Open Silver Efex Pro 3

You’ll notice that Silver Efex Pro 3 has a refreshed user interface. The general outlines are familiar with Silver Efex Pro 2: the presets are on the left, the image is in the main panel, and the adjustments are on the right. But there are more presets and more options for fine-tuning adjustments.

DXO Nik Silver Efex Pro 3 user interface

Import the Custom Presets

Click on the “Imported” sub-panel at the left.

DXO Nik Silver Efex Pro 3 user interface Imported Presets

Click on the small up and down scroll icons in that row.

DXO NIK Silver Efex Pro 3 Import Custom Presets from Silver Efex 2 1

Then choose Import Preset. It will open a file browser window. Find the Silver Efex Pro 2/UserPresets folder that you backed up in the first step (or, alternatively, you can probably still find them in these folders if the upgrade process didn’t remove Silver Efex Pro 2 (it didn’t for me):

  • macOS: /Users/[username]Library/Preferences/DxO/Silver Efex Pro 2/UserPresets
  • Windows: \Users\AppData\Local\DxO\Silver Efex Pro 2\UserPresets

Select the .np preset files. You can select multiple. Then hit the Open button.

DXO NIK Silver Efex Pro 3 Import Custom Presets from Silver Efex 2 2

You should now see those old custom presets in the Imported subpanel.

DXO NIK Silver Efex Pro 3 Import Custom Presets from Silver Efex 2 3

Save the Custom Presets

You could be forgiven for thinking that’s all there is to it. And that’s what I thought at first. But when you close Silver Efex Pro 3, those imported presets will disappear. So, if there’s a trick to this whole process, it’s that you need to save these presets again through the new Silver Efex Pro 3 interface. What that does is to convert the preset to a new format and save those custom presets as .json files, which is the file format that Silver Efex Pro 3 uses for its presets.

To do that, apply a custom preset to the image. If you want to tweak it with any of the new sliders, you can. Then click on the Save Preset button at the bottom right.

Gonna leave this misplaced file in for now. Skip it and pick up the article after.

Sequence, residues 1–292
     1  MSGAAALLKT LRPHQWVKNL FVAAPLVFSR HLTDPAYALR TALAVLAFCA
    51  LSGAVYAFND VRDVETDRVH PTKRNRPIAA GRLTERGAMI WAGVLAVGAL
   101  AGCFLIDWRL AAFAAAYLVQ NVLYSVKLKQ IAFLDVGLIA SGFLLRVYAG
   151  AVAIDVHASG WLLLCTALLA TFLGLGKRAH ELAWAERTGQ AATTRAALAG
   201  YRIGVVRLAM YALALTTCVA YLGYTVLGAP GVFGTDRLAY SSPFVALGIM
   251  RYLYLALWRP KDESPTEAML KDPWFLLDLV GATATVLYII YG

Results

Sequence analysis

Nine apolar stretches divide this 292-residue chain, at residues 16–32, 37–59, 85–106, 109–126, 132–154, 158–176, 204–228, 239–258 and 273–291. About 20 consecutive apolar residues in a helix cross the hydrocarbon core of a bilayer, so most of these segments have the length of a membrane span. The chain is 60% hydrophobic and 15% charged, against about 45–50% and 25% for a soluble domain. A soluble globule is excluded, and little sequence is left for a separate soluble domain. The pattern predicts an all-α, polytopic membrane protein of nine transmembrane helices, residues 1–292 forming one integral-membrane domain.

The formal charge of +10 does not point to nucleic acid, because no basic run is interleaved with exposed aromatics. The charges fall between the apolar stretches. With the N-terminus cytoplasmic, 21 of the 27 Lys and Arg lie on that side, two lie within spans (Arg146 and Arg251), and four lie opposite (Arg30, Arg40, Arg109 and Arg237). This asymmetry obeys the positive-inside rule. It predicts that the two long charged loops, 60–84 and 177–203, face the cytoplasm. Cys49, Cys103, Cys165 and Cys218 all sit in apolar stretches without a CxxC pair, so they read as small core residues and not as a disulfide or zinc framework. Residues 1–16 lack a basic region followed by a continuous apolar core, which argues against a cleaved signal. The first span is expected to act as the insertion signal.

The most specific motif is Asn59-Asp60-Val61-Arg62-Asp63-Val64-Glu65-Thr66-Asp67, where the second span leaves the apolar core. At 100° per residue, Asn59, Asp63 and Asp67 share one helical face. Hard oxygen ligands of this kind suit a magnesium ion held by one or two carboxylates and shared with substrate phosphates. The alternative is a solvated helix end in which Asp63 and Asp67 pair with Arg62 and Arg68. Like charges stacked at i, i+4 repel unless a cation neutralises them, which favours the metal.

DXO NIK Silver Efex Pro 3 Import Custom Presets from Silver Efex 2 4

Give the preset a name to save it. Choose whether to include any control points you’ve added as part of the preset or not.

DXO NIK Silver Efex Pro 3 Import Custom Presets from Silver Efex 2 5

The preset will now be saved as a .json file under the Silver Efex Pro 3/UserPresets folder alongside the legacy .np versions. And you should be able to access them under the “Custom” subpanel of the presets at the left. You can click on the small star to the left of each to save it as a favorite.

Repeat for each custom preset. I’ve not found a way to convert multiple presets at once (if there is one, please let me know in the comments!).

Things Worth Knowing

Something I’m not wild about with the new version is that each time you open Silver Efex Pro 3, the “All” selection of presets will be selected. I’d much prefer it to remember the last state or, ideally, open to a Favorites filter. It’s annoying–only a minor annoyance, though, to be sure–to have to click on the Custom subpanel each time you open the app. There’s a “use last setting” preference option for the preview mode; there should be an option to automatically go to the favorites filter for the presets, too. (I’m hoping this will be addressed in a future update; at the time I’m writing this, I’m using Silver Efex Pro 3, which is confusingly versioned 5.0.4 x64 (4.0.7).) 1

  1. Update: I’ve since performed this successfully with Nik Collection 4.3.0 on MacOS Monterey (12.0.1).[]
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Text & Photos by David Coleman

I'm a professional photographer based in Washington DC. Seven continents, up mountains, underwater, and a bunch of places in between. I've been shooting for 30+ years, and my my photos and time-lapse videos have appeared in a bunch of different publications from major newspapers to magazines and books, billboards, TV shows, professional sports stadiums, museums, and even massive architectural scrims covering world-famous buildings while they're being renovated. You can see some of my travel photography here and here.